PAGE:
Chrome glistened in the sun and car hopping was taken to new heights at this year’s King of the Streets Lowrider Car Show and Hopping Contest. The annual event took place Saturday at Piers 30-32 on Embarcadero. The ninth annual event was held by the Embarcadero Piers 30-32. San Francisco Lowrider Council.

Lowrider classic cars were the star of the show, but custom lowrider bikes and hydraulics were also on display. In recent years, the event was held at Fort Mason and Cow Palace. There were also food vendors, arts and craft stalls, and a DJ. A cruise was held in the Mission District, as usual.

Before the hopping competition, cars are displayed in the pit. | Photo: Cheryl Guerrero/Hoodline


Roberto Hernández, Founder & President of San Francisco Lowrider Council, considers lowriding an artform.

“When you create a lowrider,”He explained, “it’s coming from your heart, your soul, your mind. It’s your creation. You’re creating an art piece. And so, I call it the art of lowriding. And it’s great to see us all come together.”

People can spend years on their cars’ creation and then bring it to King of the Streets to debut it. “Just to see that,”He said, “and be together to experience that … It’s fun and it’s exciting.”

“We come every year, but this is my first year to bring this out. It’s been under construction for a couple of years. Today’s the debut,” said Ashley Palomo of her 1966 Impala, ‘Peach Sunset’. | Photo: Cheryl Guerrero/Hoodline

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There are awards for the Best in Show award for cars and bikes and for hopping. The act of making a car bounce or hop is called hopping. The contest judges measure the tire’s bottom to see how high the car can jump in air. Hernández says that when hopping started out they used 12” rulers. The measuring device now measures 120 inches. And instead of having one battery for hopping in a car, there can now be up to 14 batteries made specifically for hoppers.

Participation of a car in the hopping competition | Photo: Cheryl Guerrero/Hoodline


What’s so beautiful about lowriding now, Hernández said, is that although it started with the Chicano or Latino culture, it now brings in people from many ethnicities and backgrounds. Lowriding culture is now found all over the globe, from Japan and Brazil. People take on not only the cars but also the clothing, style, aesthetics, and accessories.

“I would have never imagined,”He told us: “never ever, when I started lowriding that it would become international.”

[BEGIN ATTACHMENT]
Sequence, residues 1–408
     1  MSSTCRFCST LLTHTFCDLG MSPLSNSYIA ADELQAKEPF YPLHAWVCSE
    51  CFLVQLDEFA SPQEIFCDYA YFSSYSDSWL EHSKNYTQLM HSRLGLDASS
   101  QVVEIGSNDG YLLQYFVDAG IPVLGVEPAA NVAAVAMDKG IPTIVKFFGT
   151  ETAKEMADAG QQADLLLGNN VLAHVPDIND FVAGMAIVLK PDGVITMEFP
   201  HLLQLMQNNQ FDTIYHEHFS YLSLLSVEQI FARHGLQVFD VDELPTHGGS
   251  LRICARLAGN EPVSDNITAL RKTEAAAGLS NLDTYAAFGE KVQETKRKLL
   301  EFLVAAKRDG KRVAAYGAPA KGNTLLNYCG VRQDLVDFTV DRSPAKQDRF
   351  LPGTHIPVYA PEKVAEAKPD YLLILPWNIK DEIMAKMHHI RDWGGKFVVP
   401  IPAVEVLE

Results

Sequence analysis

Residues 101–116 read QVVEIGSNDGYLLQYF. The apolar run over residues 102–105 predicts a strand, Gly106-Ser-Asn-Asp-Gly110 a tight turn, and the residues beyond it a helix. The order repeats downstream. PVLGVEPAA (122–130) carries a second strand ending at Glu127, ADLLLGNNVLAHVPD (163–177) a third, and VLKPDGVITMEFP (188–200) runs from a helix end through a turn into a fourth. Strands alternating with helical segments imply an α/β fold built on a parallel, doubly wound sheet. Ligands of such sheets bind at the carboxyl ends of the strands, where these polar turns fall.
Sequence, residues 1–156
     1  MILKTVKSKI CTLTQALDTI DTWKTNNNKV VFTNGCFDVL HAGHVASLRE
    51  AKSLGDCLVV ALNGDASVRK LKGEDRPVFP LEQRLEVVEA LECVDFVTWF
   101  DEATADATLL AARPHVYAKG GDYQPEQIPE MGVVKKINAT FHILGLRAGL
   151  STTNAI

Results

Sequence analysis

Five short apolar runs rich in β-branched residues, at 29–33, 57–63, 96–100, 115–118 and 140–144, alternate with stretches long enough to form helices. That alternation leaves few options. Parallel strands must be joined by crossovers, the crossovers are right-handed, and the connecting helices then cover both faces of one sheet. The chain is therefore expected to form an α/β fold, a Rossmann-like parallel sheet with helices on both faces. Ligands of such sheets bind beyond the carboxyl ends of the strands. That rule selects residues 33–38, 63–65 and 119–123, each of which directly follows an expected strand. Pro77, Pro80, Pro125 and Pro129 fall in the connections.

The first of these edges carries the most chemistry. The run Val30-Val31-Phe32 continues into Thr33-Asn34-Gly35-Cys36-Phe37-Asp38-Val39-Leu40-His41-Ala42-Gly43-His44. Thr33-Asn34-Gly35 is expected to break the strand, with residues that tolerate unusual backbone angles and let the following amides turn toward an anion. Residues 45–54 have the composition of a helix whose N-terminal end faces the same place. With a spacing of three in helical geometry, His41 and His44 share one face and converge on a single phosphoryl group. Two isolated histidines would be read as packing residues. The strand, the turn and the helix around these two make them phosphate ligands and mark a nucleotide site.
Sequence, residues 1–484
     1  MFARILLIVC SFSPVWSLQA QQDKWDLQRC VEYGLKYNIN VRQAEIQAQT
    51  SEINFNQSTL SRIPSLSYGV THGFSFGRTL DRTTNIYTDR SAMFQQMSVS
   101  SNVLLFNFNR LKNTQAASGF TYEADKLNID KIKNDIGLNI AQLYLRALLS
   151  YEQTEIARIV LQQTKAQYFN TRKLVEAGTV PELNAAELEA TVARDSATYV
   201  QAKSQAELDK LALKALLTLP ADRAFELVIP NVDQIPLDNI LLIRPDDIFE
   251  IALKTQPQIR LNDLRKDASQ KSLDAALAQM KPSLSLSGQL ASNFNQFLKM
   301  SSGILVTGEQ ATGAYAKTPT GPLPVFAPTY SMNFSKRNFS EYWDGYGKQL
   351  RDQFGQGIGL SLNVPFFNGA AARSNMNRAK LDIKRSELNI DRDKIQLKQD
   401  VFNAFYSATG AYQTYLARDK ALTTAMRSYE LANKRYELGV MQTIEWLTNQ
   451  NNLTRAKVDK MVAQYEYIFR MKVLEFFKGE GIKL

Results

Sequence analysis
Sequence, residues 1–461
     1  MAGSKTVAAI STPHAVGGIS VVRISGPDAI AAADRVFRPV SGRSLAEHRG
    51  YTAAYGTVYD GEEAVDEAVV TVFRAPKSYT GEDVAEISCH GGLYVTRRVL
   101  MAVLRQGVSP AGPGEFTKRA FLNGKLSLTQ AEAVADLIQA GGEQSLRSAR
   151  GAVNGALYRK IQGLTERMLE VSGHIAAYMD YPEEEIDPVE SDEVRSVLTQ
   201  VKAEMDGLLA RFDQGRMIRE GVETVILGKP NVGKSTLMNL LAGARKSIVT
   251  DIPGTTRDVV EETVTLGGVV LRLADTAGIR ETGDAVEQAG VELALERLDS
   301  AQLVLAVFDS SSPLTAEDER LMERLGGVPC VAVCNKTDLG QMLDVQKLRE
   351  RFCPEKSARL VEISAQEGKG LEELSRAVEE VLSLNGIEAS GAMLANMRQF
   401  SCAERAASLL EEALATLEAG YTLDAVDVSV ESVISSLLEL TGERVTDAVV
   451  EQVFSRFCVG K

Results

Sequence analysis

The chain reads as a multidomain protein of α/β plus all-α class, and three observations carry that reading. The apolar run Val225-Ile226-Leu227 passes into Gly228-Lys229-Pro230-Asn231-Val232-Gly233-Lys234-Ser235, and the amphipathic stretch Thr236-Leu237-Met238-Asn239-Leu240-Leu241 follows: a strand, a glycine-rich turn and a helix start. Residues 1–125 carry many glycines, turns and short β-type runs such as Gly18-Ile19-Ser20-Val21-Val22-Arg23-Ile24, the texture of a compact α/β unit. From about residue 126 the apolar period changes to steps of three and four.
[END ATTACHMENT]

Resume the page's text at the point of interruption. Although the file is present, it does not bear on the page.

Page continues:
It’s easy to understand why Hernández would have found it impossible to imagine lowriding would one day become international. When the San Francisco Lowrider Council was founded 41 years ago, they were fighting to allow cruisers to travel and not be harassed in the city. They won the fight in court. He stated that advocacy and the social justice consciousness of lowrider movements has led them to become involved in everything, from fighting gentrification within the Mission to fundraising for John O’Connell Technical School each year to the annual Santa Toy drive. The Council was also a part in starting the Mission Food HubThe pandemic began.

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Still, they can still celebrate each other and their art through the cars, cruises and once-a-year car shows.

Eric Lopez brought his 1948 Chevy Fleetline Aerosedan, a 1948 Chevy Fleetline Aerosedan, to the event. A member of Frisco’s Finest Car Club, Lopez said there are a lot of misconceptions and negative stereotypes about lowriders, but lowriding is really about expression and culture.

“It’s in our blood,”He explained, “it’s in our culture. It’s all about the cars and culture. It’s what we do. We put our pride into our cars. It’s something that’s appealed to me since I was a kid. And we’ve been doing it since I was a teenager. And it’s how we express ourselves.”

Detail of Eric Lopez’s 1948 Chevy Fleetline aerosedan door. | Photo: Cheryl Guerrero/Hoodline


Lopez has been coming with this Fleetline to King of the Streets for many years. But for him it’s still a work in progress. “Next year I’ll be back,”He said, “and it’s going to be different. I still got visions; I’m going to do more things with it.”

Here are some more scenes from Saturday night’s show:

Northstar, a winner of the award, was built and owned by Abel Rueda.


A black Impala takes part in the hopping competition. 


Phillip Dominguez IV with his 1962 gold Impala “I want to say [to] people out there building their cars, trust the process. It took me 2 ½ years to get me where I am today.” And he says it wouldn’t have been possible without the help of his father and father’s friends. 


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Display of Lowrider bikes 


Roberto Hernández prepares incense and candles before the opening blessing of the hopping contest, which was dedicated “Young Hogg”, a member who has died. 


Another Impala participates at the hopping contest. 


The contestants view the hopping contest. 


Pretty in Pink, a Lowrider bicycle winner, was built by Charley Fabiani and owned by Andrea Salcedo.


Toy lowriders in a pit before the contest started. 


All photos by Cheryl Guerrero 

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